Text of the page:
In addition to other functionality, Mimikatz extracts password hashes and clear-text credentials from system memory. Mimikatz can also manipulate domain account passwords or display protected credentials stored in files.
Would you like to be able to see clear text credentials stored in memory? How about harvesting clear text credentials stored in protected files? In this course, Credential Access with Mimikatz, you will learn how to leverage the advanced credential access capabilities of the open-source Mimikatz project towards post-exploitation activities. First, you will see how to harvest password hashes and clear text user names and passwords for active login sessions stored in system memory. Next, you will discover how Mimikatz can be used to open memory dumps from other systems for situations where you may not be able to run Mimikatz on the victim machine. Finally, you will explore how to obtain clear text usernames and passwords stored by browsers, changing domain user passwords on the fly, and capturing passwords to file. When you finished with this course, you will have the skills and knowledge of the open-source Mimikatz tool needed to emulate credential access techniques aligned with Mitre ATT&CK.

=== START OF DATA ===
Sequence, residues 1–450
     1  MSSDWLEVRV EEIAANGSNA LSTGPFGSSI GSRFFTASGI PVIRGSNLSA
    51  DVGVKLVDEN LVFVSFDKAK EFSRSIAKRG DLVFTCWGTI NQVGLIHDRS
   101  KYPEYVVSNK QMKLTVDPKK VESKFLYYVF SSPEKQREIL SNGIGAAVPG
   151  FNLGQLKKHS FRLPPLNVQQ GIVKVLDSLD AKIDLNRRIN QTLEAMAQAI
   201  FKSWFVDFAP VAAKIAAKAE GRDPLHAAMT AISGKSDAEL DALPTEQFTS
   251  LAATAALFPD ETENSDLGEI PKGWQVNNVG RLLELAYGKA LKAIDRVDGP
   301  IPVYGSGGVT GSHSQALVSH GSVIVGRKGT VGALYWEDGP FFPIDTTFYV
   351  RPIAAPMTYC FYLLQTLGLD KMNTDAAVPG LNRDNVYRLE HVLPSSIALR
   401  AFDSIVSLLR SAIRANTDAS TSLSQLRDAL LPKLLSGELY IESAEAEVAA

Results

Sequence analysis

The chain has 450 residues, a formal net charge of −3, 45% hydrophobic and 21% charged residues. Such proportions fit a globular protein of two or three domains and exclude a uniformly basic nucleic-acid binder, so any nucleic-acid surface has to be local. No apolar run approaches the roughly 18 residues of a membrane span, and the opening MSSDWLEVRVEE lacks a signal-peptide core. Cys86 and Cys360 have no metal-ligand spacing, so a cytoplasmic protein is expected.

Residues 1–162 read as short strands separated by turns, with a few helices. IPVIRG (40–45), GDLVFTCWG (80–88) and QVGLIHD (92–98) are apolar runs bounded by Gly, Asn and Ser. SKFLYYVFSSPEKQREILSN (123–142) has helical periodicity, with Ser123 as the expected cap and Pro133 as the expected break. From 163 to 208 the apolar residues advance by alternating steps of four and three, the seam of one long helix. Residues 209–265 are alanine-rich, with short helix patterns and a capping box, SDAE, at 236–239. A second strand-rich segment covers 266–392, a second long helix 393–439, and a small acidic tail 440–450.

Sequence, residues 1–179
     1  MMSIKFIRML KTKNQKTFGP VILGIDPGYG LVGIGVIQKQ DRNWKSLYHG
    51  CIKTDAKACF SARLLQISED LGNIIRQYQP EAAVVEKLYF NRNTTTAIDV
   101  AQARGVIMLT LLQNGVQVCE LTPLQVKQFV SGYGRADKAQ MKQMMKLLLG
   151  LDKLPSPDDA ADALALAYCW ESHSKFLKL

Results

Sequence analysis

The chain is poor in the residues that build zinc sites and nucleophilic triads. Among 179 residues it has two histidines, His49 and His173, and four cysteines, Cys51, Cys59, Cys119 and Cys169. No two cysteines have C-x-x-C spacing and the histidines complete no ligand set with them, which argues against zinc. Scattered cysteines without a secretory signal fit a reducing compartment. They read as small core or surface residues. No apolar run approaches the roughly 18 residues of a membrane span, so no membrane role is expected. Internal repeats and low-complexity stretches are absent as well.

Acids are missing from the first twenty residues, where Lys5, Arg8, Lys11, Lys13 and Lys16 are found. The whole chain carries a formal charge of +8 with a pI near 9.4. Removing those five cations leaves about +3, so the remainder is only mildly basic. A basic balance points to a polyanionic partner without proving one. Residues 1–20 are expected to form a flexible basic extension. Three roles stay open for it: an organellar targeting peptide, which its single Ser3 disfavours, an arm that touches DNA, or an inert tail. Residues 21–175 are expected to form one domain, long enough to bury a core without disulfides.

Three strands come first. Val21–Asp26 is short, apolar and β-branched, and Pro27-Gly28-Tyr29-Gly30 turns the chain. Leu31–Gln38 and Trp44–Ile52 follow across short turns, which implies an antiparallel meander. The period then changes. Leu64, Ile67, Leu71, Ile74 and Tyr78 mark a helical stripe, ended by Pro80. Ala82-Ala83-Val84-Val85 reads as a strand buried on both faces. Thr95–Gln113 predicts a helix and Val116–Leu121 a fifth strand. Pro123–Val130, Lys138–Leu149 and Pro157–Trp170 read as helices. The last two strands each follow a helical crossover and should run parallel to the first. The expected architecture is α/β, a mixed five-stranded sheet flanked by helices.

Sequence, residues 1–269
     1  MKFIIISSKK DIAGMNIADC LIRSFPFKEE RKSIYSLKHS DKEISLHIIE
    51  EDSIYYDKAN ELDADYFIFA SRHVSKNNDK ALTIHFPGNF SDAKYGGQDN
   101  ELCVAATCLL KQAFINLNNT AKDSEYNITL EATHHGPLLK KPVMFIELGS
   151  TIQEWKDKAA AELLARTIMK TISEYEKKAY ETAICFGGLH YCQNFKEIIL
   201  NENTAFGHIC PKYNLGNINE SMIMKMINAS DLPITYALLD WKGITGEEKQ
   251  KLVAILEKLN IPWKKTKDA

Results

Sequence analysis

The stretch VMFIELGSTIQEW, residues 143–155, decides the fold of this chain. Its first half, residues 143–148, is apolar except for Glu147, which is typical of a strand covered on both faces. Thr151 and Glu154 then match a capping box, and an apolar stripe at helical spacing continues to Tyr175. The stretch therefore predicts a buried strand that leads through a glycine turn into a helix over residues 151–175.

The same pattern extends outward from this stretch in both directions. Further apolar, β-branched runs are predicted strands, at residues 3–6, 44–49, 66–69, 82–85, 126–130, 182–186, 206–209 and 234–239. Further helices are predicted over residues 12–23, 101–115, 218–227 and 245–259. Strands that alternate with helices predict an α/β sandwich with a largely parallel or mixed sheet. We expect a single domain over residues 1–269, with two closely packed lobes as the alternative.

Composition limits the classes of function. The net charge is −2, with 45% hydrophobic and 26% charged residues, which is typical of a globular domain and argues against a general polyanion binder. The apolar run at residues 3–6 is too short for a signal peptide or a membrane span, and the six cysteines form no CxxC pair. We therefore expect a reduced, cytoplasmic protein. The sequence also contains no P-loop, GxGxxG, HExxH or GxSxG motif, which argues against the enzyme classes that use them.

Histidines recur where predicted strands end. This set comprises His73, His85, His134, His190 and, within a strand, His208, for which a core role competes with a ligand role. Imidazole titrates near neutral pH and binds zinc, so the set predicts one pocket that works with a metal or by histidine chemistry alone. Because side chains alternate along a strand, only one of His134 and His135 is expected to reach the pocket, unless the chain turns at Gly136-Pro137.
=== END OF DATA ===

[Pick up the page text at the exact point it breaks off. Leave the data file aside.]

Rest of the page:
Tool Introduction Hi there, and welcome to Pluralsight and this cybersecurity tools course featuring Mimikatz, the open source, post exploitation tool developed and maintained by Benjamin Delpy. There are situations where clear text credential sets can be harvested from compromised systems. Along with other capabilities, Mimikatz can be used to extract password hashes and clear text credentials from memory. It can also be used to manipulate domain account passwords and to display protected credentials stored in certain files. These credentials can then be used to attack other systems on the network. If you are seeking to learn how Mimikatz can be used to obtain clear text credential sets during security engagements, or if you just want to learn how attackers are able to perform these activities, come join me, and learn how to harvest credentials using Mimikatz, here at Pluralsight.